A Laughing Matter? Humour in Advertising
Being funny is a fine art, you’ve either got it, or you haven’t. Humour in advertising is exactly the same. Whether we’re having a conversation or scrolling through social media, nine times out of ten we’re not really paying full attention to the TV. Humour grabs our attention and that’s one of the reasons it’s become so wildly used in advertising. To distract us from the distractions.
Personally, I think being funny is one of my (many) talents, however you might disagree and that’s the issue. Whilst most people generally enjoy a funny story or a good joke, different people find different things funny! An advert might leave one person in stitches of laughter and the other with a bad taste in their mouth. The line is very thin.
Take KFC’s ‘The Whole Chicken’ advert for example. Featuring a dancing chicken to promote their new menu item, funny right? Wrong. Animal rights complaints aside, viewers were left confused as the advert lost the iconic cartoon like theme and ‘Finger Licking Good’ slogan. Unfortunately, this meant KFC’s brand was lost amongst the humour and viewers just weren’t quite sure what was being promoted.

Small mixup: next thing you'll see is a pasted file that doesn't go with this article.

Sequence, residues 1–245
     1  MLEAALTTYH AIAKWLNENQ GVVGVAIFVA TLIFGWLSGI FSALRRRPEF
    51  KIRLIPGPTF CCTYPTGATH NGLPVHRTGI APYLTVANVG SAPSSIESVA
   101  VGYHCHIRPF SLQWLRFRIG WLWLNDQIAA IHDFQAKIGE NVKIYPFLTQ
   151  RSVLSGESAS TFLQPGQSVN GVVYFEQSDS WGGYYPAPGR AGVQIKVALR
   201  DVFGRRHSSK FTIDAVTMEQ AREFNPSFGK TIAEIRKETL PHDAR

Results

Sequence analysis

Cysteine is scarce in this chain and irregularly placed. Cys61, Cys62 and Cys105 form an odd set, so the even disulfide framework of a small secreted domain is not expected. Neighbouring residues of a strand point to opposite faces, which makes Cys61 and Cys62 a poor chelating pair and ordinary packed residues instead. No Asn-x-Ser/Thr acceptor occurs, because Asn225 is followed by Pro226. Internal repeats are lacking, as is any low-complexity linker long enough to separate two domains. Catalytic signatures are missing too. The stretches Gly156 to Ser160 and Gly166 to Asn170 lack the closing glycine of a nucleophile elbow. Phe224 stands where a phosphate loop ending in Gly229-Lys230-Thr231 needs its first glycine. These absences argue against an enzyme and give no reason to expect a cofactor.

But why does humour work?
Humour in advertising can be extremely valuable and successful if the balance is right. Creating an emotional connection is one of the most powerful ways to make a lasting impression on someone. Viewers are more likely to remember an advert that made them laugh, or in fact feel sad. Let’s be honest, you’re more likely to talk about a funny advert with your friends than one you hardly noticed.
Burger King are one of the many chains which have taken advantage of COVID-19. They have incorporated social distancing into advertising their new burger the ‘Social Distancing Whopper’. Adding three times as many onions so people will ‘stay away’ is a great example of successfully using humour in advertising. The brand isn’t lost and the product they’re selling is clear.
And I’m sure it’s needless to say you all remember what animal rocked out to ‘In the Air Tonight’ in the 2007 Cadbury’s advert?
‘Humour in advertising is like a gun in the hands of a child. You have to know how to use it. Otherwise, it can blow up on you’ (Miller 1992)
You just need the right tools and experience to make humour in advertising a success.